4. The game-playing apparatus according to claim 1, further comprising an electronic control mechanism responsive to said at least one corresponding control button of each of said first handset and said second handset being operated for transmitting said control signals to said DVD player.
5. The game-playing apparatus according to claim 1, wherein each said control signal comprises at least one menu-navigation command selected from “navigate-UP,” “navigate-DOWN,” “navigate-LEFT” and “navigate RIGHT” followed by an “ENTER” command for activating a respective menu-button.
6. The game-playing apparatus according to claim 1, wherein each said control signal comprises at least one menu-navigation command selected from “navigate-UP,” “navigate-DOWN,” “navigate-LEFT” and “navigate RIGHT,” said DVD being further authored for allowing a respective menu button associated with each said control signal to be automatically activated upon being highlighted, thereby obviating any requirement for transmitting an “ENTER” command.
7. The game-playing apparatus according to claim 4, wherein said electronic control mechanism includes:
means for identifying a first control button of said first handset or said second handset to be operated; and,
means for transmitting said control signal associated with said first control button to be operated to said DVD player.
8. A method for configuring an apparatus for use in playing an interactive game, comprising the steps of:
providing DVD authored for providing an on-screen menu within an inter-active game for distinguishing between a first control signal for navigating between a first on-screen menu button and a second control signal for navigating between a second on-screen menu button, said second control signal being different from said first control signal, said first on-screen menu button having a first action associated therewith, which is automatically invoked in response to the transmission of said first control signal, and a second on-screen menu button having a second action associated therewith, which is automatically invoked in response to the transmission of said second control signal, the first action associated with said first on-screen menu button being different from the second action associated with said second on-screen menu button;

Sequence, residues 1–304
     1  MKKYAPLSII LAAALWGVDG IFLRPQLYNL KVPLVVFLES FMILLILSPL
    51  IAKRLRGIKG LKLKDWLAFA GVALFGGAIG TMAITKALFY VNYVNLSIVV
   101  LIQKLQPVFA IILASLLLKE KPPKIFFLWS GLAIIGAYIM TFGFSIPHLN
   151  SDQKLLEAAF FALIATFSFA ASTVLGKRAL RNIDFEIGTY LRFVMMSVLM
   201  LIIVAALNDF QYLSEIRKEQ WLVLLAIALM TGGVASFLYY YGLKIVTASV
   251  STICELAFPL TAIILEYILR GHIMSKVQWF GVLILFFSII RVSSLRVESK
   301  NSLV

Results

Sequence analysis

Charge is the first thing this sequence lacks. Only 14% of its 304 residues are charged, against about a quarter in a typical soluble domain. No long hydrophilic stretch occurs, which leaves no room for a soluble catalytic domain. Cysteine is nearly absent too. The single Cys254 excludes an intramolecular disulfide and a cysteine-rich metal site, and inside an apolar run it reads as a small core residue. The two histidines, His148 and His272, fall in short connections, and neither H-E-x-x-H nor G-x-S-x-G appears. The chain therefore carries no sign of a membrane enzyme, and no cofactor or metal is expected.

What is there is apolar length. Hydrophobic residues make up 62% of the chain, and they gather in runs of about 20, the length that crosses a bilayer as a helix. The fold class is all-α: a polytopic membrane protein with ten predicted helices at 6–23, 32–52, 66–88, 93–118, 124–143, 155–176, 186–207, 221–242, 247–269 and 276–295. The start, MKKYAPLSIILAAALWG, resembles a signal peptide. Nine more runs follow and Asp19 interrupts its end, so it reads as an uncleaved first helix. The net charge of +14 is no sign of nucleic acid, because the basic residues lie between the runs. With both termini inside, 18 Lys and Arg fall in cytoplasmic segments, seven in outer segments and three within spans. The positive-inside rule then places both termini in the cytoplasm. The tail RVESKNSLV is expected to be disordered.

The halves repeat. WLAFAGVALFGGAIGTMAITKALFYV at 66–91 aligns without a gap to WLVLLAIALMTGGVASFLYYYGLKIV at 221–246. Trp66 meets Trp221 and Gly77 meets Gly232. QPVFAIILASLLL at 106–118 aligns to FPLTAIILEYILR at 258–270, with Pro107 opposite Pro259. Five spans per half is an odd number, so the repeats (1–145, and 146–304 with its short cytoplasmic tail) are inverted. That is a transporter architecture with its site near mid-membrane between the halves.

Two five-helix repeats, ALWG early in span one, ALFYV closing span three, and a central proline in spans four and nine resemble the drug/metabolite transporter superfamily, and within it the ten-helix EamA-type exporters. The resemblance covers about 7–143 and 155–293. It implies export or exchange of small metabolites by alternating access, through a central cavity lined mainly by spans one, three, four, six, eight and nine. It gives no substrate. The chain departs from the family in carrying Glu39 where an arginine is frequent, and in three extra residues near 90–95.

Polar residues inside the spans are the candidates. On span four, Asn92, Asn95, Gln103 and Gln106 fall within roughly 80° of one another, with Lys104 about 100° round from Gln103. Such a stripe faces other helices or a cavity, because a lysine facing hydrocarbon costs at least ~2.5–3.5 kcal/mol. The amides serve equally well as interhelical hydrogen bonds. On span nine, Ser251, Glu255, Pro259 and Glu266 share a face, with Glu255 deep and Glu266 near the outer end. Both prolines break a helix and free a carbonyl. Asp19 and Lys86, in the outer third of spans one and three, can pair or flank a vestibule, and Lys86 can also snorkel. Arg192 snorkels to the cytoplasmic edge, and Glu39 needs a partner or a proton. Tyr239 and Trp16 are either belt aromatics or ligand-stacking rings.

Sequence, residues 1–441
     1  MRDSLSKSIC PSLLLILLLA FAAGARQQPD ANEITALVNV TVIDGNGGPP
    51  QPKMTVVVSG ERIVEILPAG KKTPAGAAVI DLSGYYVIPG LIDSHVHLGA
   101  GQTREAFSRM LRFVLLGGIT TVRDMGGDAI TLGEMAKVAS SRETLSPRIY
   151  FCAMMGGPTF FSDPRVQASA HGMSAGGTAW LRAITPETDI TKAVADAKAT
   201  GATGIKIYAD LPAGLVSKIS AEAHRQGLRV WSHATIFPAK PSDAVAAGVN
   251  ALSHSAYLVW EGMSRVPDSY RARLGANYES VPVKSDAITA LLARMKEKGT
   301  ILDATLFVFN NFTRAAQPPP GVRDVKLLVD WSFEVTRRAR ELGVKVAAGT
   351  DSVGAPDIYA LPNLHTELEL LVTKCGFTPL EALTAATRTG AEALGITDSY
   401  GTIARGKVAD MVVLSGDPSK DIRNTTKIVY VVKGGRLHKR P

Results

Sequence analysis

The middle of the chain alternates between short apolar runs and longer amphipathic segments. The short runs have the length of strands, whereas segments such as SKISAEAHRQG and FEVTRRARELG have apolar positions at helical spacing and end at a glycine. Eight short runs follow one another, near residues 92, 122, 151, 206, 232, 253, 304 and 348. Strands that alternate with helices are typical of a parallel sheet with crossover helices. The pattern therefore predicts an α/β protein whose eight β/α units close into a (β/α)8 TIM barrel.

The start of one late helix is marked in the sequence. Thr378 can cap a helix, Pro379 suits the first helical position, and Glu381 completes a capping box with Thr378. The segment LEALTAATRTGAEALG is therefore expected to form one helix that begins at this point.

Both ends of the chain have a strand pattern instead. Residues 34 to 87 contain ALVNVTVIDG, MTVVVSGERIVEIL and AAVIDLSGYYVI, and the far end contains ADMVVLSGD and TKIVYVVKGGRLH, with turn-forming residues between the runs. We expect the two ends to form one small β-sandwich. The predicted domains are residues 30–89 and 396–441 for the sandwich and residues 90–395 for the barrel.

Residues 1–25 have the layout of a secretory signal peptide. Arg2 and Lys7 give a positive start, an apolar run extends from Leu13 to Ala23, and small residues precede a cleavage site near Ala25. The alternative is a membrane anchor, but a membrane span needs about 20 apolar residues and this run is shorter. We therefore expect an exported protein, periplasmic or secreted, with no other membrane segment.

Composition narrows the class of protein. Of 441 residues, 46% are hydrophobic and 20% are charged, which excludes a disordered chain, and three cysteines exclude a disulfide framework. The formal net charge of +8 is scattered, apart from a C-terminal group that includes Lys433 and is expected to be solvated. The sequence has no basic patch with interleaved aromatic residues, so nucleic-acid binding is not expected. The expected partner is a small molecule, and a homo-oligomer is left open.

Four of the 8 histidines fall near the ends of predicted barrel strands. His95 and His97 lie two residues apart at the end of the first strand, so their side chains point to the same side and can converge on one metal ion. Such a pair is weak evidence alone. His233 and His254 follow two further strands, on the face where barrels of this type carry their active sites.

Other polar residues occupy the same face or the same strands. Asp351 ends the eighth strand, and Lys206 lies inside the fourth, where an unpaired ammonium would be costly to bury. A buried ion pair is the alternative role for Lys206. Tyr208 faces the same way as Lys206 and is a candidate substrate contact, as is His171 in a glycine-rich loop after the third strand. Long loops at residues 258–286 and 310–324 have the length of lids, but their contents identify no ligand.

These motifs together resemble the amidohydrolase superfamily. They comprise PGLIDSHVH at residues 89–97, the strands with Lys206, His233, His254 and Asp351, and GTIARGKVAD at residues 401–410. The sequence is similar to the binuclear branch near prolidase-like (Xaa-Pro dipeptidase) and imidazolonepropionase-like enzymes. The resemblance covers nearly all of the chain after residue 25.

providing a DVD player for playing the DVD;
providing a first handset and a second handset for remotely controlling operation of the DVD player to play the interactive game; and,
configuring the apparatus for playing an interactive game so that the first control signal is transmitted to the DVD player when a control button of the first handset is operated and the second control signal is transmitted to the DVD player when a corresponding control button of the second handset is operated.
9. The method for configuring an apparatus for use in playing an interactive game according to claim 8, wherein the first control signal transmitted to the DVD player within a predetermined period of time determines which player is subsequently provided with the opportunity to respond to a game challenge.
10. The method for configuring an apparatus for use in playing an interactive game according to claim 8, wherein each said control signal transmitted to the DVD player within a predetermined period of time comprises a response to a game challenge.
11. The method for configuring an apparatus for use in playing an interactive game according to claim 8, further comprising the step of:
providing an electronic control mechanism responsive to a control button of each of the first handset and the second handset being operated for transmitting the control signals to the DVD player.